Photo taken early this morning showing the bruising below my chin and on my cheek and around my right eye

I'm going to be on the mend for a while. I'll be around, but not in the mood to sit upright in a desk chair for hours on end. Just thought you'd like to know that I'm alive, I'll mend, and that I am still one tough son-of-a-bitch


Friday, September 14, 2012

Capitalization Standards

Haiku My Heart
September 14, 2012

Each Friday we meet on the blog pages and share ourselves with each other. To see more haiku and to find out how to become a part of this pleasant and peaceful community, please visit recuerda mi corazon.

The recent trip I took to Taos, NM was a great success. Please return in a few days to read all about it and see some photos. I'll do a Monday Mystery Tour story on, yep, you guessed it, Monday.
In the meantime, I had this thought about some of my habits in writing, so I entered them here as haiku. After all, these things are very dear to me heart.

Sneak preview

I Capitalize

Pirate, Veteran, Soldier, 

Warrior, Mom, Dad 

Brother, Sister, Aunt, 

Uncle, Cousin, Child, Kid

Grand Father, Mother

God, The Creator

Great Spirit, Great Mystery 

Higher Power, Peace

Love, Sun, Moon, Stars, Earth

North, South, East, West, Sacred Fire

Sweat Lodge, Sundance, Sage

Tobacco, Sweetgrass

Cedar, Cancer Heart Disease

Health and Happiness

Spring, Fall, The Solstice

Winter, Summer, Wind, Water

Mankind and Women

I’m sure there are more. These come to mind today as events in the lives of my family and in my own life bring these thoughts to mind. I emphasize these words when I use them in any of my writings. I can connect the words to the thoughts and feelings that run amok through my mind and heart.

Do you have words you capitalize on purpose?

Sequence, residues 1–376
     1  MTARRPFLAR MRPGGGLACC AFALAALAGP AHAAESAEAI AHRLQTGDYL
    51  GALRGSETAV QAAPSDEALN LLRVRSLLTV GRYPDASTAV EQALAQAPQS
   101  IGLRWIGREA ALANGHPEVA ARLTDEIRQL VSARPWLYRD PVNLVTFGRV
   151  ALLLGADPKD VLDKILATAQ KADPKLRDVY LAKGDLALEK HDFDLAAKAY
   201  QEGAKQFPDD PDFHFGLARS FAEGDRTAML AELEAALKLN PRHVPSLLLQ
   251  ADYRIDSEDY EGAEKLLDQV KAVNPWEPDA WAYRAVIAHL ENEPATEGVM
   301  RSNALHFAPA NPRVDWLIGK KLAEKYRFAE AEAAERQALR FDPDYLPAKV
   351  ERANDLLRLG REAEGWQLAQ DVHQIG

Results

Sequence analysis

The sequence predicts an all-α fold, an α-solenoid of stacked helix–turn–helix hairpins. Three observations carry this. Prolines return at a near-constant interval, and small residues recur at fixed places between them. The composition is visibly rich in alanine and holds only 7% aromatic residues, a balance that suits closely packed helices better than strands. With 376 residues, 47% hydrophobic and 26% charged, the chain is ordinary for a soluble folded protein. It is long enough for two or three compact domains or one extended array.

Sometimes it is how I feel about the particular subject I happen to be writing about. I’ll tend to capitalize a word over and over, every time it appears in a post. There is no purpose to tell you these things, yet I felt compelled to do so. As usual, take what you need and leave the rest.


Tuesday, September 4, 2012

On the Road

As mentioned in the previous post, I'll be leaving today for points South. Taos, New Mexico will be the destination to attend the third annual Triumphs in Taos Motorcycle Rally.

I have my lap top, GoPro, camera, tool kit, cloths for warm weather, clothes for cold weather, rain gear as well as all the pills I need and a few top quality Romeo y Julieta premium cigars. I'm taking my Triumph Bonneville motorcycle and plan on being back in about two weeks.

In the meantime, please be kind to each other and check back from time to time for updates and interesting vignettes while on the road.

Peace and Light to all

Monday, September 3, 2012

New Mexico Dreams

Monday Mystery Tour
September 3, 2012
Labor Day

This story written and previously posted in 2005.

The Colorado experiment was good for the most part. I had lived my whole life in the Midwest up until then with just a little time out, when I lived in Chicago, to visit Southeast Asia at a place known as French Indo-China. Shortly after that I moved to Minnesota and it was from there I made the sojourn West to Grand Junction early in 1993.

Why Grand Junction? It’s simple, really. My teenage daughters refused to go to New Mexico. When I fell in love with New Mexico in the early 1990’s, I had been living in extreme Northern Minnesota running a lodge in the Boundary Waters Canoe Area Wilderness. We lived literally on the Canadian border in a cabin. I’m still in love with that area, too.